CHICAGO — Top-rated Washington University in St. Louis will sell about $200 million of taxable new-money and refunding bonds on Wednesday, lured to market by the attractive interest rate environment.

The deal includes a taxable new-money series for $107 million and a $99 million taxable refunding series. Though taxable for federal purposes, the interest is exempt from state income taxes.

The university opted to forgo a federal tax-exemption in light of better rates on some tranches of its bonds. “It also gives us flexibility in how we use the proceeds” of the new-money series, said university treasurer Amy Kweskin.

The school introduced taxable bonds into its debt portfolio last year as it sought more freedom in planning for the future use of building and debt management without federal tax code restrictions.

Morgan Stanley is the lead book-runner and JPMorgan is the joint-book-runner. Edward Jones and Wells Fargo Securities are co-managers. Gilmore & Bell PC is bond counsel. The Missouri Health and Educational Facilities Authority is the conduit issuer for the university.

The new-money proceeds will finance various projects at the university — which was founded in 1853 — with the majority going to pay for construction of a new business school. Other projects include an addition to a student hall, new student housing, utility projects and a new cancer center. The refunding will pay off bonds sold in 2003 for double-digit savings, according to Kweskin.

The university could have waited until later this year to sell debt based on financing needs and call dates on the refunding, but Kweskin said current near record-low interest rates proved too attractive to resist. “We wanted to take advantage of such favorable market conditions,” she said.

Ahead of the sale, Moody’s Investors Service affirmed the university’s Aaa rating and top VMIG-1 short-term credit marks on a total of $1.3 billion of debt. The outlook is stable. Standard & Poor’s also affirmed the university’s AAA.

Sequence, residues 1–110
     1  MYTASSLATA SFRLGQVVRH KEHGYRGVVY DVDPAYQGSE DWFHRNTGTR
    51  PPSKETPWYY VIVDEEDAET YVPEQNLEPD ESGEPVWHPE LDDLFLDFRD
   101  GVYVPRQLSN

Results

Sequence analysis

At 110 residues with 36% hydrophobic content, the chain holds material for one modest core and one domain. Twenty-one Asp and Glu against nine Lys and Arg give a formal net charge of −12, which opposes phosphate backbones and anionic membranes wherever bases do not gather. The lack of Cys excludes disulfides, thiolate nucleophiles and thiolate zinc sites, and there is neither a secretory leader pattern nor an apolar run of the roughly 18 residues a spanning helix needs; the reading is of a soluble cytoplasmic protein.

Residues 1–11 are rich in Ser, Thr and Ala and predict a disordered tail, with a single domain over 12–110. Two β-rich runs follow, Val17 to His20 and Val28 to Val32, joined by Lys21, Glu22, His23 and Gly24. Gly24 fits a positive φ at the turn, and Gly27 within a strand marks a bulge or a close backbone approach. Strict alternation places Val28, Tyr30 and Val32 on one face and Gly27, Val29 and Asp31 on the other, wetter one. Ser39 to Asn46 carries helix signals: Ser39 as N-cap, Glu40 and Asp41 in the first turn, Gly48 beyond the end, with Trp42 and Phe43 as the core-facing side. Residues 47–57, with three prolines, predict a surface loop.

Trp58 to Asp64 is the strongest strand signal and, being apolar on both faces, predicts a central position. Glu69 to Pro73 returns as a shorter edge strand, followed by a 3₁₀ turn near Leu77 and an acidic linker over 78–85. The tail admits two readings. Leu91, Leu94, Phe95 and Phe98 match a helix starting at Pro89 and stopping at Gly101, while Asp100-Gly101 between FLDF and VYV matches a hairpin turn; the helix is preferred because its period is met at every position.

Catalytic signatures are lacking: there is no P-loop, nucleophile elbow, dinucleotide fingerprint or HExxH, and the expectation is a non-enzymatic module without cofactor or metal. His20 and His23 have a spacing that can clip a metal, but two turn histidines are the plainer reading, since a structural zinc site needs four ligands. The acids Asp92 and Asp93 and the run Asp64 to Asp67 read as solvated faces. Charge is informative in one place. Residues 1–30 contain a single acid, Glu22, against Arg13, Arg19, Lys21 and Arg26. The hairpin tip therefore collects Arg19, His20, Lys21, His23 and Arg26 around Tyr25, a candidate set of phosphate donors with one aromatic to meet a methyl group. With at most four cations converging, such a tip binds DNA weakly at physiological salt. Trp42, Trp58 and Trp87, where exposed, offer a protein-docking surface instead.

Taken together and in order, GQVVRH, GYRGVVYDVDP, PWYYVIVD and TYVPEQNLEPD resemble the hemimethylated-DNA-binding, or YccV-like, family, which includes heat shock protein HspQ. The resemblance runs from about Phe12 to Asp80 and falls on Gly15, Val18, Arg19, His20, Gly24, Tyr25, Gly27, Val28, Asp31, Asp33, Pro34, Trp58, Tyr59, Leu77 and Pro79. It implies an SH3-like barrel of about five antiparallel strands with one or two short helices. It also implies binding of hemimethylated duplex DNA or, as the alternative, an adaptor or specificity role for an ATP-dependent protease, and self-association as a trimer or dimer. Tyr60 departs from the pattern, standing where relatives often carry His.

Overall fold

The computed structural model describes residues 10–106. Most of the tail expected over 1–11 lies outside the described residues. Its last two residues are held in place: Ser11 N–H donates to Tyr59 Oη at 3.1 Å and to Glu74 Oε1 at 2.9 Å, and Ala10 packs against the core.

Moody’s said the university’s top marks reflect its prominent position as a research institution with healthy student demand, a history of positive operating results, and a large and well-managed financial resource base that provides strong support for debt and operations.

The school reported $508 million of research expenses in fiscal 2011 and benefits from fiscal resources of $6.3 billion. It achieved a 20.7% return on its endowment in fiscal 2011 and has ample monthly liquidity of $2.3 billion.

The school’s challenges stem from a relatively high exposure to health care pressures as 34% of its operating revenue in fiscal 2011 came from that sector. The school also faces “significant competition from top-tier universities nationally,” Moody’s said. About 31 % of accepted freshman eventually enroll compared to peers with a median of 50%.

Taxable issuance by U.S. universities has surged since the 2008 financial crisis and is expected to continue, Moody’s said in a special report earlier this year. While earlier waves were due to the liquidity crisis and the now expired federal taxable Build America Bond program, the latest wave stems from the historically low spreads between taxable and tax-exempts and the added flexibility offered by freeing themselves of tax code restrictions.

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